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“The Alaska region is very different. We knew that Anchorage needed an independent book store. This has been a community project the entire time we’ve been trying to set this up. It’s largely community funded, built and engaged from the ground up. And so that’s what I think makes it relevant is listening to and responding to the community around us. You need to be able to blend the book store idea with other elements that mutually cross support each other and that’s why we brought in the cafe,” said Mares.
Not too long ago, Borders Books in Anchorage closed its doors for good as part of a national liquidation of the company.
“A book store closing in a town is not a good thing. Our customers buy books that they in turn trade them into us,” said Angela Libal, owner of Title Wave Books in Anchorage.
Title Wave Books is a used book store whose inventory is nearly 99 percent used books.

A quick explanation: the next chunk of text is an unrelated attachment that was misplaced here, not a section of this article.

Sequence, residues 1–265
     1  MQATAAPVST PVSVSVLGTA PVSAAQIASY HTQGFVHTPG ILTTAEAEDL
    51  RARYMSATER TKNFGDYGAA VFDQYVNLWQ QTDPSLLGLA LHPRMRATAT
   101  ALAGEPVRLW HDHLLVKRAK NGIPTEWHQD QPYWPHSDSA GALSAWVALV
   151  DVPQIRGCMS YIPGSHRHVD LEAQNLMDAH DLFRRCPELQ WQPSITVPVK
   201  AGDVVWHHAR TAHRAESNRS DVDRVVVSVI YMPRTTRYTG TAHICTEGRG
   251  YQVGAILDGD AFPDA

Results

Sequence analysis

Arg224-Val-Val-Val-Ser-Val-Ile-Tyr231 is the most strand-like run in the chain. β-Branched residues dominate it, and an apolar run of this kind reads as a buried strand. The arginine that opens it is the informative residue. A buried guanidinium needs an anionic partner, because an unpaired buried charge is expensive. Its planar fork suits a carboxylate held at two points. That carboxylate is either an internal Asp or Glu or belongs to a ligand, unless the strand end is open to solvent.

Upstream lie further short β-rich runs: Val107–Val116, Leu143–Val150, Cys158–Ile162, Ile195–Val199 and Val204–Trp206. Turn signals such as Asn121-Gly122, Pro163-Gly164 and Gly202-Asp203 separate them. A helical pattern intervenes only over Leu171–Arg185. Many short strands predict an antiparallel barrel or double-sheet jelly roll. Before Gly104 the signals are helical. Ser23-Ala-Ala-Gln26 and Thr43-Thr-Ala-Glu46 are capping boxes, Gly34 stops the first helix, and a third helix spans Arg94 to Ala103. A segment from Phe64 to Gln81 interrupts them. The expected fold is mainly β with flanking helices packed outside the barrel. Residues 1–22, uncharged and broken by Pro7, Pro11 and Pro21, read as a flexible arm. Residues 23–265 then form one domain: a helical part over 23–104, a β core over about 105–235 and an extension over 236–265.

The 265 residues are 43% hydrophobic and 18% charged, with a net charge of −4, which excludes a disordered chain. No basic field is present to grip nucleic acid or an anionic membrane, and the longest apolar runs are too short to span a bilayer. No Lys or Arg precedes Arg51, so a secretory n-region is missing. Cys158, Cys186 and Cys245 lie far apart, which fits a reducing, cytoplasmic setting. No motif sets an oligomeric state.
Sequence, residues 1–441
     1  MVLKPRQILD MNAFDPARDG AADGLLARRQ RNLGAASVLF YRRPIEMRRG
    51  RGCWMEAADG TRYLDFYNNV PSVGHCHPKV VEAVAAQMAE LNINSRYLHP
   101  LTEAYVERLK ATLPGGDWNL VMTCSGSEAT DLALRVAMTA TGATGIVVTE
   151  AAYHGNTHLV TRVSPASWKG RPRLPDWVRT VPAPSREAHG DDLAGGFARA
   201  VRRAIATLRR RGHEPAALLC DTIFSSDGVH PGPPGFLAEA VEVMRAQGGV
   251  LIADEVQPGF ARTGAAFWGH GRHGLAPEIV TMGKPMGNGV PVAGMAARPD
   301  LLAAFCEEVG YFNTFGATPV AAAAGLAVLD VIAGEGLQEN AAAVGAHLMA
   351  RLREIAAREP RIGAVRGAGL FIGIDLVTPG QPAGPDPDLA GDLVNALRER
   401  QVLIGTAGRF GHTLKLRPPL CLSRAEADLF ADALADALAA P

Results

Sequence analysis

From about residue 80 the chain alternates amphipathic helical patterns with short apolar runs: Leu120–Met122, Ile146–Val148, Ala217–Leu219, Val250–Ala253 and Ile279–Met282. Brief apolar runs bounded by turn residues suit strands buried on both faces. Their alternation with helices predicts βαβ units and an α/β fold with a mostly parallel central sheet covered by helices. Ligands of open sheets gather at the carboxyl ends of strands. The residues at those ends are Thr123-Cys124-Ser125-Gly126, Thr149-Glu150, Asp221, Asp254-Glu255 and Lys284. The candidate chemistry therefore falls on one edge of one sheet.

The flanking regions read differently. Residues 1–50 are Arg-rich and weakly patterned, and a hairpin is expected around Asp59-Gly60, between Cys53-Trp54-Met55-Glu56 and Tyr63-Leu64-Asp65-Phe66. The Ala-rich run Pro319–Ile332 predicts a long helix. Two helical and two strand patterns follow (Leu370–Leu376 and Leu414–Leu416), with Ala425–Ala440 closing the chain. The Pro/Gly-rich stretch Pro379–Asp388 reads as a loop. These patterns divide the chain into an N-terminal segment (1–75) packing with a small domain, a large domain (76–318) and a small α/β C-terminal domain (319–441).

“I think any time a bookstore opens in a community, that’s a good thing.
Title Wave has regular customers who come in two to three times a week, combing the shelves looking for that next great read. But instead of picking up a crisp new paperback for a high price, customers if they’re able to find it can end up buying a used version for much cheaper.
But you don’t need to have cash currency to pick up a book. In fact you can use sites like Little Free Library, which allows you to go in, enter your zip code, and shows you a map of multiple free library book exchanges near your area. So even though we live in a digital age, if you’re stuck without cash, a smartphone, tablet, or just want to unplug and feel paper pages in your fingers, there’s still the demand and access to books if you feel the need to read.